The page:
In The Spotlight: Caroline Chisholm College

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Next year, Caroline Chisholm College is preparing to celebrate its 50th birthday.

Since 1974, the school has been committed to providing young women with a quality Catholic education, which nurtures their learning, wellbeing and faith formation.

Principal Leader Tania Cairns (pictured) said the tagline ‘celebrating our past, empowering our future’ captures what it is all about in celebrating the school’s momentous jubilee year in 2024.

“We’re incredibly excited,” she said.

“We really want to be the best in the west, and we believe that we’re a place that can allow students to achieve their goals and flourish. We have built a strong learning culture with high expectations that allows us to be a college of choice for young women of the Greater Penrith and Lower Mountains region.”

James Freeman, the Archbishop of Sydney, opened the school and named it Caroline Chisholm after the Australian pioneer and role model who fought for disadvantaged women. Since then, it has grown into a large school, which is now at the forefront of what contemporary education looks like for girls going forward.

As the seventh principal of the college, Cairns said it’s a flourishing school with almost 1200 students.

She said their focus is on developing well rounded women who can make a difference in the world and be agents of change in our complex and challenging local and global world, especially with social justice issues such as poverty, inequality, and environmental sustainability.

“We’re trying to maintain our traditions of the past and ensure that our girls are well prepared to meet the demands of the complex and challenging contemporary world,” Cairns said.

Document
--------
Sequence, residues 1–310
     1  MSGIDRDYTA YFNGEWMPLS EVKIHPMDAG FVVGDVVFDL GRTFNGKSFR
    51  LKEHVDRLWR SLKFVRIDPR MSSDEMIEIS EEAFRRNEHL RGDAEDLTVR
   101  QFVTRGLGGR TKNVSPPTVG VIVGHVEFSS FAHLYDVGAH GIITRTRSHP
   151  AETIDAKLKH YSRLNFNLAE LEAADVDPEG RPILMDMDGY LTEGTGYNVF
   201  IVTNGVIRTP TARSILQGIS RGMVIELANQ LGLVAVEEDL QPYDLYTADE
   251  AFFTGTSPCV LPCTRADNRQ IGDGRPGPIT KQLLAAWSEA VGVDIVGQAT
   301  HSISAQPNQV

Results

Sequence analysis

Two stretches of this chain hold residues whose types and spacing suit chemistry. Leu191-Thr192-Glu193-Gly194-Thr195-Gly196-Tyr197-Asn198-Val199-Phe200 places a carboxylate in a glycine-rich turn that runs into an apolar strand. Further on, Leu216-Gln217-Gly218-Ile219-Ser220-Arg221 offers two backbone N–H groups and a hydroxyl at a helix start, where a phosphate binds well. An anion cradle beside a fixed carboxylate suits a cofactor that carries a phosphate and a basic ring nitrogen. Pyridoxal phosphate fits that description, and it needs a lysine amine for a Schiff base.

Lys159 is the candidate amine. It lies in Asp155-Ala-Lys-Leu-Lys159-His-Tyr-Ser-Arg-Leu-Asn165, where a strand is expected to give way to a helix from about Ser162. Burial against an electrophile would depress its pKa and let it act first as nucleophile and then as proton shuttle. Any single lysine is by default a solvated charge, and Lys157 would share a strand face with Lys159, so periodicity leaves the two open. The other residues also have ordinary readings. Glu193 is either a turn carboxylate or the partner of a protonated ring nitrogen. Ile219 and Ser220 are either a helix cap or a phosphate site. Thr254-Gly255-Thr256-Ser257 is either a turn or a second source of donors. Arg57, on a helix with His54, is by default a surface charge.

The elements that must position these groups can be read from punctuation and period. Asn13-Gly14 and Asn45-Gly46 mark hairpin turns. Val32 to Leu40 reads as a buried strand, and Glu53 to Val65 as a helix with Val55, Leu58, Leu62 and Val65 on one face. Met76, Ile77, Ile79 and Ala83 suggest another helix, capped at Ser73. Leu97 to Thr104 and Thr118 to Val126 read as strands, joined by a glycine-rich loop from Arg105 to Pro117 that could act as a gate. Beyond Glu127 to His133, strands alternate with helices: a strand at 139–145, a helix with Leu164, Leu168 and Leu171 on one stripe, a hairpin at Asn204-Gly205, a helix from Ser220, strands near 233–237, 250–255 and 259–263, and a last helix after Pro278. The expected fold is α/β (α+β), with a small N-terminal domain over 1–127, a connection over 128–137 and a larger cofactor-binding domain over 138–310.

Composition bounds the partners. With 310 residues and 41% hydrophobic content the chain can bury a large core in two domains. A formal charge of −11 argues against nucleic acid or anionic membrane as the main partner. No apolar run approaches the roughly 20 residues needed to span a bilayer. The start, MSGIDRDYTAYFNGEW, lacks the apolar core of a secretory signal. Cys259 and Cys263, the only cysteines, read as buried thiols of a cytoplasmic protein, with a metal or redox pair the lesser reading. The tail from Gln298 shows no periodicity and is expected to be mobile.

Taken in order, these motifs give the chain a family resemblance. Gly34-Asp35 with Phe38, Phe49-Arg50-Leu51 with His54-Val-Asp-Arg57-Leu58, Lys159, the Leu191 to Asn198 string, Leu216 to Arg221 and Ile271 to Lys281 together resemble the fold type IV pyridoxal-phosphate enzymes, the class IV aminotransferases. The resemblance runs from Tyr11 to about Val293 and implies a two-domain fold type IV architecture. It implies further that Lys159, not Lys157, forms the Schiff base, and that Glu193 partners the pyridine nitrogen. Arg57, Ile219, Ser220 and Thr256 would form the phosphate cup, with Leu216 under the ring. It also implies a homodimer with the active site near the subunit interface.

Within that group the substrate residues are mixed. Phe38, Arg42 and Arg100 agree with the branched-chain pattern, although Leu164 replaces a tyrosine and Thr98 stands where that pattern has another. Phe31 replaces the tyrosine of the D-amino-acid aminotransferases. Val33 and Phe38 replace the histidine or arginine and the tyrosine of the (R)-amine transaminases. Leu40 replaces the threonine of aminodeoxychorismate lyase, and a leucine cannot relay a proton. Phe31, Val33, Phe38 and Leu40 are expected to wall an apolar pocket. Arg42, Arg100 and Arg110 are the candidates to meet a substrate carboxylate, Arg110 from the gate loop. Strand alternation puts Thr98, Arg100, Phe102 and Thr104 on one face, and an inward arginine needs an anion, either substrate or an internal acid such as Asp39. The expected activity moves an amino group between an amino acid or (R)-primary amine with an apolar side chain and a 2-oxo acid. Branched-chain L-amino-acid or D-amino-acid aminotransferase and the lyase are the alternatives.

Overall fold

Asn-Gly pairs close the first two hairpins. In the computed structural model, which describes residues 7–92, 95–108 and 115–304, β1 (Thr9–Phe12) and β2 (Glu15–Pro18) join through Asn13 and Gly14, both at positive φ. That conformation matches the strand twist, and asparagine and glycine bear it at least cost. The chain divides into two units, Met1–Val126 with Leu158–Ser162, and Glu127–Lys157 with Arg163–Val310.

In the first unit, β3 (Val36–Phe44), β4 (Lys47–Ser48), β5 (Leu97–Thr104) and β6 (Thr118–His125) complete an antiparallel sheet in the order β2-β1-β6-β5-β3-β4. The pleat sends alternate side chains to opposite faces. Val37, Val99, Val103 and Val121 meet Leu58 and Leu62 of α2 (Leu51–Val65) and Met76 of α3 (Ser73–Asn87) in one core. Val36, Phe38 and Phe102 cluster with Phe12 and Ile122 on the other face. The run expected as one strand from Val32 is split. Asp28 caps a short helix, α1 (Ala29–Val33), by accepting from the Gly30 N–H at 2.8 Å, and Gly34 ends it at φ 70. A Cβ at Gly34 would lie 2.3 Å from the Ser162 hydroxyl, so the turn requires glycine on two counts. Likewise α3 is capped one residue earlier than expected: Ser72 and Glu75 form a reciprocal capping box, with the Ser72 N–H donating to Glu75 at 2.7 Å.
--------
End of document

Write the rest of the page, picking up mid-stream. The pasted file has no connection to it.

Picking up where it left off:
According to Cairns, students at the college have opportunities to develop positive relationships allowing them to thrive with supportive females around them.

She said the school invests a lot of energy into helping the girls strengthen their capabilities so they can be everything they want to be as modern world design thinkers and problems solvers.

“We’re investing in them, not only in the here and now, but also constantly about future thinking and future planning and goal setting,” Cairns said.

“We’re very focused on the needs of girls as learners, growing them to be independent, growing them to be resilient in their own right, and really targeting learning that builds their capabilities and skills as 21st Century learners. Our Partnerships and Pathways Coaches are a powerful team who coach and mentor our students through their senior learning journey to enable them to achieve exceptional results.

“It’s really about understanding school is a very different place right now, but so is the world.

“Our challenge is to ensure our girls are given outstanding opportunities to connect, grow and flourish.”

Enrolments are now open for 2025.

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